By Lisa Rozner

NEW YORK (CBSNewYork) – As most courts transition back to in-person hearings this month, New York state’s traffic court is planning to do the opposite and instead stay virtual.

It’s a cost-cutting measure for the state, and some say a money-grab measure from motorists.

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CBS2’s Lisa Rozner has learned this could be permanent. It’s a story you’ll see only on CBS2.

Taxi Driver Mohamadd Lagebbin says he got a speeding ticket trying to get to a service station fast when he had an emergency.

“I asked the question, ‘Why are you giving me ticket?’ Because my wheel was flat,” Lagebbin said.

He wanted to tell that to a traffic court judge and confront his accuser, the NYPD officer who wrote the summons.

“How they know why the police give the ticket me? I have to explain,” he said.

But he says it’s too complicated in virtual court, which is how the Traffic Violations Bureau, or TVB, has been conducting hearings since the pandemic began.

The Taxi Workers Alliance in Long Island City is filled with drivers who don’t have access to a computer or updated smartphone.

Assemblywoman Michaelle Solages says it hits the people who can afford it least.

“I see a lot of people who are, unfortunately, they are getting suspensions on their license because for instance, they couldn’t log on or got disconnected during the hearing process,” Solages said.

Some motorists, if they can get a reservation, can come to court and appear in front of a judge. But the police officer will not be there – officers are allowed to appear by telephone or video.

Traffic attorneys are calling it “TikTok justice.” They’re suing the state, arguing motorists are being denied the constitutional right to confront their accuser.

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“You can’t see their body language. You can’t see their demeanor, their facial expressions. There’s a lag often,” said Mattew Weiss, president of the Association of Motor Vehicle Trial Attorneys. “We are losing more cases.”

And as other courts reopen, the doors to traffic court could stay shut. CBS2 exclusively obtained a court document submitted by the state’s top traffic judge showing the DMV is “transitioning all TVB offices to virtual hearings,” that it “will result in savings to taxpayers” because the state can “consolidate TVB offices and cut expensive leases and security service contracts.”

“They can just get a lot of hearings virtually done, one after another after another, without having to take a whole day to be sitting around,” said CBS2 Urban Affairs Expert Mark Peters.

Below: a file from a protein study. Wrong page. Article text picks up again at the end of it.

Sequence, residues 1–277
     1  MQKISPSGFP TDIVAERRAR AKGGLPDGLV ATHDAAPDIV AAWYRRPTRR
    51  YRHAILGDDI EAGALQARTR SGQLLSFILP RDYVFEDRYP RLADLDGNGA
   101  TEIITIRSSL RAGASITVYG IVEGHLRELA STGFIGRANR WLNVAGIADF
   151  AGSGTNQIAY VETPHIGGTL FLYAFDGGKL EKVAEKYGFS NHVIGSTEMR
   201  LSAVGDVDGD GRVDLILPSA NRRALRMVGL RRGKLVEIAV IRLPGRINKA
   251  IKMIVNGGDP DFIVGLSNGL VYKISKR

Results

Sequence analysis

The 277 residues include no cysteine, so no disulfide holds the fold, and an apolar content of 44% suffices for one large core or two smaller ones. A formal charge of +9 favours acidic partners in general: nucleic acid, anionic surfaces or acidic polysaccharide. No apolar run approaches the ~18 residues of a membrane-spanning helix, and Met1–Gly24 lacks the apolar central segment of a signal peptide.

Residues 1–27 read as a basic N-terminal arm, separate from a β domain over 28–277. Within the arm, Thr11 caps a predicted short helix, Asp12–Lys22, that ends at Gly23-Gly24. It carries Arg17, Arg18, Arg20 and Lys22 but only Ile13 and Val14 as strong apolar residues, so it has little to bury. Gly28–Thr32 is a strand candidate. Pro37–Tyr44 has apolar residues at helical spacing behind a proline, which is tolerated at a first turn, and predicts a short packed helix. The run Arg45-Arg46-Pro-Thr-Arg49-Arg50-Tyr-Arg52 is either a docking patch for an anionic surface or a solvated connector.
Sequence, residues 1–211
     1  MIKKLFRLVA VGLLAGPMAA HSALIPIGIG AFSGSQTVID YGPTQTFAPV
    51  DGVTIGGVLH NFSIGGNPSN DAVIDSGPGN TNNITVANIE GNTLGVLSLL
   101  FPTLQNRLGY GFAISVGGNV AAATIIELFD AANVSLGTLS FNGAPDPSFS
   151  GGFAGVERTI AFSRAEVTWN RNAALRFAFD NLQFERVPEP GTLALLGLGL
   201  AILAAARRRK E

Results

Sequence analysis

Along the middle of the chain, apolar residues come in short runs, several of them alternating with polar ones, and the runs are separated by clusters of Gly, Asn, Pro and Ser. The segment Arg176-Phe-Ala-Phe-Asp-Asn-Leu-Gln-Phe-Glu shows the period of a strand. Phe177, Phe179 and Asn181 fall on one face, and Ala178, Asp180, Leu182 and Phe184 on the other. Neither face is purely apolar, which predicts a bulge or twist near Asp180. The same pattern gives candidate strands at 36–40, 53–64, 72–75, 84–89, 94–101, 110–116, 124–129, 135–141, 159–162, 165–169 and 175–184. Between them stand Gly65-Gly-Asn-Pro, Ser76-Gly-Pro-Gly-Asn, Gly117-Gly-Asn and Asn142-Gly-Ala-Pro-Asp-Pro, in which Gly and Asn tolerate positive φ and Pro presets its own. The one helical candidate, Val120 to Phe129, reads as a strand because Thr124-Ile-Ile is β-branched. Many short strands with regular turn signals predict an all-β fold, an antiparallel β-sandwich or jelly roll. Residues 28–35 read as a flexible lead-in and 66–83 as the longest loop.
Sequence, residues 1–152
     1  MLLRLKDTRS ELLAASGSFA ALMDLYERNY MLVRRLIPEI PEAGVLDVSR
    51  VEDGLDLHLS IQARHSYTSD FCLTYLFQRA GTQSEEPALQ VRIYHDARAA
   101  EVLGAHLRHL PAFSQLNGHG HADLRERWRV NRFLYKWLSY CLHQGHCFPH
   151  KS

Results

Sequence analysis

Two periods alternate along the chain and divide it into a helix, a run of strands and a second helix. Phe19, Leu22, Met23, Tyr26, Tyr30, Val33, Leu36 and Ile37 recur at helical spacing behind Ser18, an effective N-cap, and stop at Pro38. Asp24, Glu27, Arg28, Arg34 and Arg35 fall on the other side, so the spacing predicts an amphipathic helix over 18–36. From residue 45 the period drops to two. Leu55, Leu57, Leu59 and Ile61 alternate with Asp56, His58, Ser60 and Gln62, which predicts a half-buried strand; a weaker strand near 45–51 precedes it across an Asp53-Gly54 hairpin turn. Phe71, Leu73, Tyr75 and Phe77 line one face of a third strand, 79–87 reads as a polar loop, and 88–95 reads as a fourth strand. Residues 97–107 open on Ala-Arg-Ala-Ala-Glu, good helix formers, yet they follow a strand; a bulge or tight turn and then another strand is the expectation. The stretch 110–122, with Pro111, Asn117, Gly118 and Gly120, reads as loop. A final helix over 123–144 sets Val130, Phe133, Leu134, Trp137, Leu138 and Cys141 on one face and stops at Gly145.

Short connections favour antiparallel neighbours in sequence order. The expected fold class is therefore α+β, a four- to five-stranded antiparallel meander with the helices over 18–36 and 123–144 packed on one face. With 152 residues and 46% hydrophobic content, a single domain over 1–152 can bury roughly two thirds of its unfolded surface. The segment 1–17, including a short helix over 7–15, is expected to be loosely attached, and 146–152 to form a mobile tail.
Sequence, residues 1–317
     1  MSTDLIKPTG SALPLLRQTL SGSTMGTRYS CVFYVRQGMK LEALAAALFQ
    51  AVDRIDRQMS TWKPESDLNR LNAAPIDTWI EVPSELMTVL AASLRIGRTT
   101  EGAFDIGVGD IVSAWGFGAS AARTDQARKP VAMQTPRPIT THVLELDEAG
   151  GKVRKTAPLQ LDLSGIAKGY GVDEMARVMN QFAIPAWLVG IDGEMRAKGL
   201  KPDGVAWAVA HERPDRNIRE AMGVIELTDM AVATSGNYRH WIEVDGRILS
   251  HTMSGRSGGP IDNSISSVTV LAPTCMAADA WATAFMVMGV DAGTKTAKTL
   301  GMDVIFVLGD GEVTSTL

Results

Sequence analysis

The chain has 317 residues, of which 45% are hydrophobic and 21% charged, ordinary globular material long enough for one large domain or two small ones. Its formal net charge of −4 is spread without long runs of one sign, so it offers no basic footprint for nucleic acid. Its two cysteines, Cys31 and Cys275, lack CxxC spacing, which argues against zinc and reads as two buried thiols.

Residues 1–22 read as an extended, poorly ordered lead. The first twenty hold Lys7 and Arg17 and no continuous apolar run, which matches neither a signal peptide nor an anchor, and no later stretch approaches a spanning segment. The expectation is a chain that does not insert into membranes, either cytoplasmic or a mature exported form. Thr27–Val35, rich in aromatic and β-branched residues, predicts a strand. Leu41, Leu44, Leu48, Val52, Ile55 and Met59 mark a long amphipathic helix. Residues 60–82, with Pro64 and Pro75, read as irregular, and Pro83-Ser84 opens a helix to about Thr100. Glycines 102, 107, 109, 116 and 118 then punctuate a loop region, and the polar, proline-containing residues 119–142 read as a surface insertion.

Web Extra: Read The Document (.pdf)

But motorists say now they often wind up waiting for hours online, and a phone call is the only way to reschedule.

“You call them, they don’t even pick up the phone,” said Edwin Fernandez.

Drivers can’t just show up in court and pay bond to reschedule, like they used to.  So no luck by phone means:

“They are manipulated to plead guilty. If they don’t plead guilty, then they, after 30 days, their license gets suspended and then have to pay $70 more to restore his license,” said Javaid Tariq, the cofounder of the New York Taxi Workers Alliance.

Solages and the Assembly’s transportation chair have written letters to the DMV commissioner, asking the courts be reopened, arguing that cutting expenses does not trump motorists’ constitutional rights.

DMV Stats show the number of guilty tickets disposed at trial in 2020 was less than 0.5% more than 2019.

A DMV spokesperson says “In the midst of the pandemic, the DMV is taking an efficient, common sense approach to conducting traffic hearings that is both safe and convenient for law enforcement and the respondents, some of whom do not even live in New York State. It is being implemented in a way that is fair and lawful, without any job loss, and we continue to evaluate and develop the process.”

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In response to the Assembly transportation chair’s letter, she added “The DMV acknowledges the concerns Assembly members Magnarelli and Carroll have raised regarding virtual TVB hearings. This process was established amid the pandemic as a means to conduct hearings safely and conveniently.  We continue to evaluate the process as we contemplate conducting hearings virtually in the future.”